Thank you for sharing!

Your article was successfully shared with the contacts you provided.

ALBANY �- In a bold and calculated maneuver, Chief Judge Judith S. Kaye yesterday submitted a budget request seeking $69.5 million to provide New York judges with a retroactive pay hike, which would represent their first salary increase since 1999 and only the second in 18 years. Under the proposal, the salaries of state judges would be proportionately linked to those of federal district court judges. Chief Judge Kaye would receive the smallest increase, about 14.3 percent (to $178,310 from $156,000). Supreme Court justices would see an 18.6 percent boost (to $162,100 from $136,700) and some city judges could receive raises of more than 25 percent. The raises would be tied to the current U.S. District judge salary of $162,100 and retroactive to April, the start of the current fiscal year. When federal judicial salaries jump to $165,200 on Jan. 1, 2007, New York judicial salaries would increase correspondingly. By including the pay request directly in its budge � -a strategic move not attempted since the late 1980s and rarely if ever successfully � the Judiciary has placed the issue squarely in front of Governor George E. Pataki and legislative leaders. Judicial salaries are almost always negotiated outside the confines of the budget, and they are virtually always tied to raises for legislators. But after last year, when the judges attempted to follow the traditional path and fell short for reasons wholly unrelated to the merits of their own proposal, the Judiciary opted to take a more direct, albeit risky, approach. In the past, governors and lawmakers have made clear they do not think the Judiciary should include pay raises in its budget proposal, and the Third Branch has scrupulously adhered to that sentiment. But now the dynamics have changed. “It is not conventional wisdom and it could be viewed as presumptuous on the part of the Judiciary,” acknowledged Chief Administrative Judge Jonathan Lippman. “But it is our intent by placing this in the budget to set the context for the legislative session as it relates to the Judiciary. It lets everyone understand that as far as the Judiciary is concerned, this is our absolute highest priority at this point in time.” Mr. Pataki’s response was positive. “The governor has been very supportive of judicial pay raises and in fact submitted a bill in June,” said Michael Moore, spokesman for the governor. “The governor remains supportive.” The leaders of the two legislative judiciary committees � both of whom strongly support judicial pay increases � yesterday said that including the request in the budget makes a point that needs to be made in Albany. “This is a way for the chief judge to show just how serious they are,” said Assemblywoman Helene E. Weinstein, D-Brooklyn. “I think this is a way for the court system to have the issue front and center as we start our budget discussions.” Senator John A. DeFrancisco, a Syracuse Republican who chairs the Judiciary Committee in the upper chamber, agreed. “I think it is a good idea and I think it should have been passed last year,” Mr. DeFrancisco said. “This is another opportunity to get the issue aired and hopefully resolved.” Last year, Mr. Pataki introduced a judicial pay raise bill similar to the one proposed by Chief Judge Kaye. The judiciary committees of both houses approved Chief Judge Kaye’s bill, and rank-and-file lawmakers were almost in agreement. Week after week, teams of judges converged on the Capitol, meeting with receptive legislators to advance their cause. But lawmakers were unwilling to give judges a raise unless they got one, too. Unable politically to justify a legislative pay hike, the legislators let the matter die, leaving many judges frustrated and bitter. Yesterday’s move by the chief judge puts the pay issue formally before Mr. Pataki, who is constitutionally obligated to pass it along to the Legislature without revision. That places the executive and legislative leadership in a position where they must make some sort of affirmative response. They could approve pay raises, which they have supported, or reject salary increases and risk appearing hypocritical and disingenuous. They could also approve the salary increases as part of the Judiciary budget, and then refuse to enact enabling legislation that would permit the money to be spent, a move which would prompt enormous backlash from the judges and, probably, the myriad editorial boards supporting their position. But they cannot passively permit the issue to wither, as they did last year. “We think we change the dynamics of the pay issue, putting it out front, and at the very least increase the odds of having passage not only of the budget increase itself, but the enabling legislation,” Judge Lippman said. “Barring a special session at the end of this year, which we don’t expect, it will certainly be the centerpiece of our efforts as the new session begins [in January].” Wild Card The wild card is whether the Legislature will abandon the political cover provided by linking judicial and legislative salaries, or risk boosting their own salaries during a year when all 212 lawmakers stand for re-election and Senate Republicans fear losing their slim majority in the upper chamber. Typically, lawmakers wait until after the election to vote themselves pay raises, setting in motion a chain of events that increases the pay of legislators, judges and the governor’s executive staff. With the judicial pay raise proposal included in a budget that is supposed to be completed by April 1, it will be difficult or impossible to delay the issue of judicial-legislative raises, if they remain linked, until after the election. Mr. DeFrancisco, who attempted to “de-link” judicial and legislative salaries earlier in the year, said inclusion of the pay issue in the judiciary budget should break the traditional tie, but that remains to be seen. It is unclear if Mr. Pataki will embrace legislative pay raises � and, possibly by extension, judicial pay raises � but that may be the only way for the lame-duck governor to obtain pay hikes for the members of his cabinet. Some observers have suggested the governor may be eager to do whatever necessary to boost the salaries of his staff, since all of them will likely leave office with him at the end of 2006 and since their retirement benefits are based on the highest salaries they receive as state employees. There is little chance the Legislature will increase the pay of the executive staff without increasing their own, and little chance they will grant themselves and Mr. Pataki’s staff pay hikes while ignoring the judges, observers say. One element of the pay raise proposal, which would provide for regular increases, is especially appealing to lawmakers, but not necessarily the governor. Several legislators have urged that their salaries should be adjusted automatically to reflect inflation or some other index, so they can maintain their purchasing power without having to endure the political consternation that is inevitable when they vote themselves pay raises. The last time lawmakers gave themselves a raise, at the end of 1998, they increased their salaries by 38 percent to adjust for nearly a decade of stagnant pay and were castigated in the press and by good government groups. “New York must put an end to its history of sporadic pay increases following unacceptably long intervals without adjustments and remove this issue from the political realm,” Chief Judge Kaye said in a press release yesterday. Although she was clearly referring only to the Judiciary, her remarks echo those of lawmakers equally interested in regular rather than random pay adjustments. In his judicial pay bill last year, Mr. Pataki generally afforded judges the raises requested. However, he was uncomfortable with the idea of automatic pay enhancements, fearing such an arrangement would hamstring future governors and restrict the ability of the executive to react to cyclical fiscal difficulties. Selling the Plan Yesterday, Chief Judge Kaye and Judge Lippman immediately went about selling their proposal. They issued a press release highlighting the fact that New York judges have gone longer than any others in the country, state or federal, without a pay hike. They stressed that the cost of living has increased 26 percent since the last time judges received a raise. They also issued a document on the federal Ethics Reform Act of 1989, which puts judges, as well as members of Congress and the top executive branch staff, in line for a cost-of-living raise when such enhancements are provided to other federal workers. “New York’s history of inattention to judicial compensation is unprecedented among government employees, especially those in a highly professional group whose members often have far more lucrative career options,” Chief Judge Kaye said in the statement. The response at the Capitol yesterday was non-committal. “As part of the budget process, we will consider it along with the other needs of state,” said Eileen Larrabee, spokeswoman for Assembly Speaker Sheldon Silver. Senate Majority Leader Joseph L. Bruno, R-Rensselaer County, issued a statement late yesterday afternoon in which he said he expects this to be a “lean budget year” and expressed concern about “the overall Judiciary budget request and how it will fit in the context of the state budget.” Mr. DeFrancisco said the one downside to the chief judge’s move is that it adds $69.5 million to the Judiciary budget, making the annual increase appear larger than it actually is if compared apples-to-apples with prior years. “It creates a greater overall increase in the budget and some people could take a shot at the budget and claim the increase is too high,” Mr. DeFrancisco said. “But I don’t see a great downside. In every budget negotiation there are many non-budgetary issues that get resolved. If anyone criticizes this as a non traditional budgetary issue, well, policy issues are also decided through the budget.” The salary proposal is included in a 2006-07 spending plan calling for a 7.1 percent increase in general fund court appropriations. It totals $1.96 billion, representing a $130 million increase, without factoring in the salary increases, the $439 million spent on employee fringe benefits and other items normally accounted for separately. If all fund categories are included , the budget adds up to $2.3 billion, an increase of 11.1 percent. Budget Details An inch-thick spending plan signed by all seven members of the Court of Appeals and delivered yesterday afternoon to the governor and legislative leaders shows that the vast majority of budget goes for personnel and related costs, much of it governed by collective bargaining agreements. It also shows that since the terrorist attacks of Sept. 11, 2001, court security costs have nearly doubled, accounting for almost 20 percent of the budget. Next year, the Judiciary expects to spend $382 million on security. Also in the budget: • Neither the Court of Appeals nor any of the four appellate divisions plan to add staff in the coming year. The Court of Appeals’ budget would increase by 3.5 percent, to $14.7 million, but its work force of 154 judicial and non-judicial staff would remain unchanged. There are plans to spend $3 million to acquire and renovate two unoccupied buildings near Court of Appeals Hall for ancillary agencies. The Appellate Division budgets would increase about 5.7 percent in the First Department (166 employees), 2.5 percent in the Second Department (232 employees), 1 percent in the Third Department (101 employees) and 6.6 percent in the Fourth Department (110 employees). • Largely because of several new judgeships created by the Legislature last year, the Court of Claims budget would increase by 33 percent, to $18.5 million. There are 27 judicial and 145 non-judicial positions in the Court of Claims. • Drug treatment courts now employ 154 people, a number that would not change under the proposed budget. However, the budget for those courts would increase by about 2.7 percent, to $17.8 million. Nearly 11,000 people have successfully “graduated” from drug treatment courts since the first was opened in Rochester City Court in 1995. � John Caher can be reached at [email protected].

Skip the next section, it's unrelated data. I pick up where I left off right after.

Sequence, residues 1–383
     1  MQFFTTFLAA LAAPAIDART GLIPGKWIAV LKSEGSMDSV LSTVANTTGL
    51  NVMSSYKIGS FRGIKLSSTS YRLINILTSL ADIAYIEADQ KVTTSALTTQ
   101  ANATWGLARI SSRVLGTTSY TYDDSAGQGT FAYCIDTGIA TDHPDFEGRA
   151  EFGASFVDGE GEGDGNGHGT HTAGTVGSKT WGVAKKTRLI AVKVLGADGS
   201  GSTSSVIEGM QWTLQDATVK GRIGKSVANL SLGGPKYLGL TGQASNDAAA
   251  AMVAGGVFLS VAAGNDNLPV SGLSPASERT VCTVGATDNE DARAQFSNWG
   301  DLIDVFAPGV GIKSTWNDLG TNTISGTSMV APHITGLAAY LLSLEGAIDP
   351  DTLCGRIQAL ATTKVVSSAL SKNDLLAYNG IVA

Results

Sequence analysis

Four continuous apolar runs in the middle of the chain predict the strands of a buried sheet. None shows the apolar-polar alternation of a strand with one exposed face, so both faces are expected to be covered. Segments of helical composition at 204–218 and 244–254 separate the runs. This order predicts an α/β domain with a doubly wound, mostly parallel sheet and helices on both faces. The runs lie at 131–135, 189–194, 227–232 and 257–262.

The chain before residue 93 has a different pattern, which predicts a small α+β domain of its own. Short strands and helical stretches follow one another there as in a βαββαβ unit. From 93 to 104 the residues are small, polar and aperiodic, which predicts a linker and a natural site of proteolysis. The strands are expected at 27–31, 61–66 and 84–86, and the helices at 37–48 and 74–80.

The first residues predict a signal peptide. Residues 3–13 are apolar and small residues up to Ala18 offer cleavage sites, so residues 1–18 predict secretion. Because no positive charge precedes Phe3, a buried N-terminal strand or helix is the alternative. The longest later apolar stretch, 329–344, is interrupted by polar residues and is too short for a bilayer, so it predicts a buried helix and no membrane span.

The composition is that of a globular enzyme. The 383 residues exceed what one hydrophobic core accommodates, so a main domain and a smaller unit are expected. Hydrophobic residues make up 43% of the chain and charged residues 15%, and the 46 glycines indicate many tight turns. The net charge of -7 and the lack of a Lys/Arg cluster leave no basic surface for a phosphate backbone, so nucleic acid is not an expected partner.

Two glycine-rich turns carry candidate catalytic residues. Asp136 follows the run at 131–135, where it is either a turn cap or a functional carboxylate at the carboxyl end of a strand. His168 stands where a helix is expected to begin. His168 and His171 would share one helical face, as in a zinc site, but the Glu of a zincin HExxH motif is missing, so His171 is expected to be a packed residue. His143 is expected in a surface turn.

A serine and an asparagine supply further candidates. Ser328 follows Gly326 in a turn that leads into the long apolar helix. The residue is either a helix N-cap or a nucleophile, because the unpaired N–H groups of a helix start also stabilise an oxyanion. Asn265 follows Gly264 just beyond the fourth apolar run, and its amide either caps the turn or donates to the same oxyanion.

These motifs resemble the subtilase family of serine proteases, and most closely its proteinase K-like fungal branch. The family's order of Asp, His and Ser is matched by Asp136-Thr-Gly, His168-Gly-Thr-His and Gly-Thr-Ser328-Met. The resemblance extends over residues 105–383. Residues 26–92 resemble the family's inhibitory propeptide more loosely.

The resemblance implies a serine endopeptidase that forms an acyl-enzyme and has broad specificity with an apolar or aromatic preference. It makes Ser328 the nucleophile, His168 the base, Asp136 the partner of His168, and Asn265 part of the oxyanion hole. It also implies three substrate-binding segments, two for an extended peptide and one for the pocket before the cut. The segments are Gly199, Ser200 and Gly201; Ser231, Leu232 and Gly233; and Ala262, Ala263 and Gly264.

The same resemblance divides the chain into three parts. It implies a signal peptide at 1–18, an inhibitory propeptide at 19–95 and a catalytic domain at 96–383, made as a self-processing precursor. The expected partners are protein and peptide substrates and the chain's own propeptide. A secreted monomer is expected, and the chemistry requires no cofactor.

This content has been archived. It is available through our partners, LexisNexis® and Bloomberg Law.

To view this content, please continue to their sites.

Not a Lexis Advance® Subscriber?
Subscribe Now

Not a Bloomberg Law Subscriber?
Subscribe Now

Why am I seeing this?

LexisNexis® and Bloomberg Law are third party online distributors of the broad collection of current and archived versions of ALM's legal news publications. LexisNexis® and Bloomberg Law customers are able to access and use ALM's content, including content from the National Law Journal, The American Lawyer, Legaltech News, The New York Law Journal, and Corporate Counsel, as well as other sources of legal information.

For questions call 1-877-256-2472 or contact us at [email protected]

Reprints & Licensing
Mentioned in a Law.com story?

License our industry-leading legal content to extend your thought leadership and build your brand.


ALM Legal Publication Newsletters

Sign Up Today and Never Miss Another Story.

As part of your digital membership, you can sign up for an unlimited number of a wide range of complimentary newsletters. Visit your My Account page to make your selections. Get the timely legal news and critical analysis you cannot afford to miss. Tailored just for you. In your inbox. Every day.

Copyright © 2021 ALM Media Properties, LLC. All Rights Reserved.